The Osprey comes equipped with multiband radios (AM, FM, UHF, VHF) for voice transmission and radio reception. It also has navigational beacons and radios, radar altimeters and an internal intercom/radio system for communications among the crew and troops onboard.
The Osprey can hold up to 24 troops and carry up to 20,000 lb (9,072 kg) in its cargo bay, which is 5.7 feet wide by 5.5 feet high by 20.8 feet long (1.72 x 1.68 x 6.35 m).
The cargo bay has fold-down seats along the walls and a ramp to load or deploy cargo and troops. Deployment can also take place in the air by parachute.
In addition to the 20,000-pound load in the cargo bay, the Osprey has an external hook-and-winch system that allows it to carry up to 15,000 pounds (6,803 kg) of cargo in tow.
When the Osprey lands on the deck of a ship, it can be folded up for downtime. The blades and the wings are both foldable. The sequence is shown below:
How the Osprey Flies
A V-22 Osprey transitioning from helicopter to airplane mode.
To understand how the Osprey flies, the basic thing to understand is that airplane wings create lift by deflecting air downward, benefiting from the equal and opposite reaction that results.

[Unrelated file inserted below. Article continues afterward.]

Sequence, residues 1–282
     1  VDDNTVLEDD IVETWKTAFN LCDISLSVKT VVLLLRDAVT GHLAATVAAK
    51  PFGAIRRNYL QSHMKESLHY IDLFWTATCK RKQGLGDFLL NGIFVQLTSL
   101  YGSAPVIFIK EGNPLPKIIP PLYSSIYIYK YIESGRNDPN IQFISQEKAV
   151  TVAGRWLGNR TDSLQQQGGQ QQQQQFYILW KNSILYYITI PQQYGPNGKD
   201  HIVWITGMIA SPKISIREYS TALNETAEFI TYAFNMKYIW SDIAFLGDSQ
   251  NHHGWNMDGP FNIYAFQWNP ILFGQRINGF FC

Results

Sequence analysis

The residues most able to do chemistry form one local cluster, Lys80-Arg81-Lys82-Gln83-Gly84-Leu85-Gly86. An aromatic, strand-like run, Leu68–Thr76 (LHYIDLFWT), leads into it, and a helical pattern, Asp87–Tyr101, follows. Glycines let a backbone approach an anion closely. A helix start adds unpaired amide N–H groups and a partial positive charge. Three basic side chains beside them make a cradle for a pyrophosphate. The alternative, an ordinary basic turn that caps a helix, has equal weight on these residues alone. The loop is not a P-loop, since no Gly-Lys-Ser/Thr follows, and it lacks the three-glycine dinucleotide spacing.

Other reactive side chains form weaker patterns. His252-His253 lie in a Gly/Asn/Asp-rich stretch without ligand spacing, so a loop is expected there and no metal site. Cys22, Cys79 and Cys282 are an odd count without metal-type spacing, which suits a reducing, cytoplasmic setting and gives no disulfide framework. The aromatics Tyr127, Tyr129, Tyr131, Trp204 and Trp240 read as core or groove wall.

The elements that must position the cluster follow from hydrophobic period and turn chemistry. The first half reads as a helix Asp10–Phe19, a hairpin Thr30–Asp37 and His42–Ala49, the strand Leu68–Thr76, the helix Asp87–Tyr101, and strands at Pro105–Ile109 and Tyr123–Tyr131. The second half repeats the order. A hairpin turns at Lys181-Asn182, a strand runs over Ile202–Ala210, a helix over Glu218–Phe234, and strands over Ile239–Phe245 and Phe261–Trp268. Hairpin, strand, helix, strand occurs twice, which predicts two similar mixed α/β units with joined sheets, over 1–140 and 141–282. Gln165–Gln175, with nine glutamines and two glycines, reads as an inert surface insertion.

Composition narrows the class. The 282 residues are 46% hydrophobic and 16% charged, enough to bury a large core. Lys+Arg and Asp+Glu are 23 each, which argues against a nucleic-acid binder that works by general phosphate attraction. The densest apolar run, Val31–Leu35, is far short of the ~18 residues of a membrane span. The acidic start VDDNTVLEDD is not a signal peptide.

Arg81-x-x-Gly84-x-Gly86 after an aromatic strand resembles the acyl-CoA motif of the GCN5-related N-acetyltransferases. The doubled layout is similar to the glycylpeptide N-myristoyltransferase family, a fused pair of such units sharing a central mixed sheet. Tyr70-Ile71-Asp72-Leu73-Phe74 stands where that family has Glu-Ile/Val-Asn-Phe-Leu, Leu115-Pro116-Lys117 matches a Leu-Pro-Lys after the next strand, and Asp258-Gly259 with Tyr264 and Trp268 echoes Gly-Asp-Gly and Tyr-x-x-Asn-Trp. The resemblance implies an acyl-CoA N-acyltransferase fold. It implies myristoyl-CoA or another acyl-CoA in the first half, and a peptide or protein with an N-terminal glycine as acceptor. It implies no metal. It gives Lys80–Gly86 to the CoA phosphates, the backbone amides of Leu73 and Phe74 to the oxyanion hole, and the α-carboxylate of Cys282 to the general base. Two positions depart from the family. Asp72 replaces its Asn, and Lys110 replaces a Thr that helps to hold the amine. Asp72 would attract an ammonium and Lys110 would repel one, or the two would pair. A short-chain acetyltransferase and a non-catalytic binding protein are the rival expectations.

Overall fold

Helicopters do the same thing with blades, which are rotating wing shapes like the airfoils of an airplane wing. Helicopter blades are thinner and narrower than airplane wings because they have to rotate so fast. These rotating wings are mounted on a central shaft. When the shaft is spun, lift is created.
When the Osprey is ready to take off, its rotors are in a vertical position. With the rotors mounted on the wings, it looks like a two-bladed helicopter. When the Osprey is in helicopter mode (on takeoff, landing and when hovering), the rotors generate lift.
While in flight, the Osprey's rotors move down to a horizontal position. In this position, it is the wings that generate lift, like on a traditional airplane, and the rotors function as they do in a propeller aircraft. The Osprey lands like a helicopter by reversing the process, raising the rotors from a horizontal to a vertical position.